I am going to write a series of posts based on a sermon I preached recently that has been bouncing around my noggin lately. I don’t know how many I will write or over how long. We’ll just take it one at a time. I’m sure I will sprinkle other things in the middle and bounce around a bit as that is just me. Anyway, just wanted to warn you. 🙂
I have played several sports in my life (not all of them well). One of the things I find true in most of them is the importance of follow-through. How one ends is as important, if not more, as how one begins.
The examples are immense. In bowling (yes I do know something about it), once you let go of the ball, the finish motion of your hand has a lot to do with where that ball is going to end up going down the lane. In baseball, proper follow-through is what gives accuracy and power to the one throwing the ball, whether it is an outfielder or the pitcher. In basketball, follow-through is extremely important to the “touch” on the ball and it’s flight to the basket and is often the difference between a made shot and a missed one. The list goes on through tennis, volleyball, football, soccer, and on and on.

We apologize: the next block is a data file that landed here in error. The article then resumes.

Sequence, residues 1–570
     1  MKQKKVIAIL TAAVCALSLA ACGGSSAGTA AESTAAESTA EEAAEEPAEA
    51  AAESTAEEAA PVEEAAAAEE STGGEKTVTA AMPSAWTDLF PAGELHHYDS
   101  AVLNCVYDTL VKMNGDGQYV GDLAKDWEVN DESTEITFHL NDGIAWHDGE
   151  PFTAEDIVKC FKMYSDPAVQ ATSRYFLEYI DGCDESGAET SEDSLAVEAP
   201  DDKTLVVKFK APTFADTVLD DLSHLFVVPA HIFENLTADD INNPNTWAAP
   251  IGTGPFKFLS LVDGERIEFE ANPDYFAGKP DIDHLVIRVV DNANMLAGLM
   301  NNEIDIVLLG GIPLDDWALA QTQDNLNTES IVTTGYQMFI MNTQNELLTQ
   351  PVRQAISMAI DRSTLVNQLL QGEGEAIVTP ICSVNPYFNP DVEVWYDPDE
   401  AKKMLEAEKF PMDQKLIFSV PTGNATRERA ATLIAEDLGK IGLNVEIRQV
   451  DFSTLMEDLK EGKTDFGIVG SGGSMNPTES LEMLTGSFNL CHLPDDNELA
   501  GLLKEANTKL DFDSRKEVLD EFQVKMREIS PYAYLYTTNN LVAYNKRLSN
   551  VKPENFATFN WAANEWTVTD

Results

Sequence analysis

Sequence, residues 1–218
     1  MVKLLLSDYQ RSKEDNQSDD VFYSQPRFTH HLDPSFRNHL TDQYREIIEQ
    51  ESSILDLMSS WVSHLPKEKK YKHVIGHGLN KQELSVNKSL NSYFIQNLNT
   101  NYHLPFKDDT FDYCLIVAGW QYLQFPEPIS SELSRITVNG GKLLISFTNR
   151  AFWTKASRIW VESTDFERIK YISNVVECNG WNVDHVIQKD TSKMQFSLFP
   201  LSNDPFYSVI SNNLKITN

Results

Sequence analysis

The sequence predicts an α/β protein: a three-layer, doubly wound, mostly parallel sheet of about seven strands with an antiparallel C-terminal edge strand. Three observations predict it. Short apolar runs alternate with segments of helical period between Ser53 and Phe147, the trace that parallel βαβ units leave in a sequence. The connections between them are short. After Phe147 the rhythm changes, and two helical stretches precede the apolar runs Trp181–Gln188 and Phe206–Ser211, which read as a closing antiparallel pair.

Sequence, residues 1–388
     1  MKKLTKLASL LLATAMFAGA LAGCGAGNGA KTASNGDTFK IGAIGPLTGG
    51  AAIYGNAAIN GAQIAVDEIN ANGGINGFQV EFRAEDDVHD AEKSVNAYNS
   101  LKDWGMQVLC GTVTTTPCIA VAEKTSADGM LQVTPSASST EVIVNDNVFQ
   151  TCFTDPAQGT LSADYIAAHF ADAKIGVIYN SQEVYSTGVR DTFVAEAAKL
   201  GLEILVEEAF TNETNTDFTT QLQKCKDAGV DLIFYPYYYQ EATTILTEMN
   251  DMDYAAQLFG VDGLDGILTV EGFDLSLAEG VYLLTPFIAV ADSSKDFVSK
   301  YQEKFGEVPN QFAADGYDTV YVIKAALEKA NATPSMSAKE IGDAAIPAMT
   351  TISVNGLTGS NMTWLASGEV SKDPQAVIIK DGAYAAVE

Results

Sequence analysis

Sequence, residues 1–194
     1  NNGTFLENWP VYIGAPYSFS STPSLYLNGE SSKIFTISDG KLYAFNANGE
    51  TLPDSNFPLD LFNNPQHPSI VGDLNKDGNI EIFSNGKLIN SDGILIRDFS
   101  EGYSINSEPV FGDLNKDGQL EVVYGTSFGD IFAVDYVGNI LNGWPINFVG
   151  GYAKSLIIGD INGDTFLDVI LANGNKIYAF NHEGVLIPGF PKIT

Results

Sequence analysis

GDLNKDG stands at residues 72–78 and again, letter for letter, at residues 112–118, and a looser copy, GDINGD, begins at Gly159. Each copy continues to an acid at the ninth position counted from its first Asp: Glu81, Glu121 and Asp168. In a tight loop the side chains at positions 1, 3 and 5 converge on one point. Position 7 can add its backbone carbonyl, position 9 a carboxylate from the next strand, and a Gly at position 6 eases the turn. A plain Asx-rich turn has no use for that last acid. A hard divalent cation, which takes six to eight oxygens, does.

The one example that rings most for me right now is of course golf. I have used Jim Furyk and Kenny Perry as examples before in this. However, I have a new appreciation for it now. Yesterday, I spent the day at Muirfield Village watching the pros practice in preparation for the Memorial Tournament. A good part of that time was spent just a couple dozen yards from Jim Furyk and Kenny Perry side-by-side at the driving range. (In the photo above, Jim is in the light blue and Kenny is in yellow.) These two men are near the top of the golfing world; both are ranked in the top 15. They are multiple winners on tour. Yet, they both have… um… unconventional swings.
It was wild watching them practice: Jim with his multiple plane, meandering take away back swing, and Kenny with the double hitch in his. Right next to them was another player also practicing. I have no idea who he is. I do know he is not one of the elite golfers in the world. It was obvious from his equipment and the number of people concerned with his equipment and practice (I should say lack of number of people) that he is not on the same level as the other two. Yet, his swing was picture perfect. Absolute classic, fluid, poetry in motion. What all three had in common was follow-through. Three different approaches in set-up, grip, equipment, style, backswing, tempo, everything. From impact to finish, all three had great follow-through. It looked different for each, but they finished strong and they fully finished their swings. As such, that little white orb sailed off all three clubs.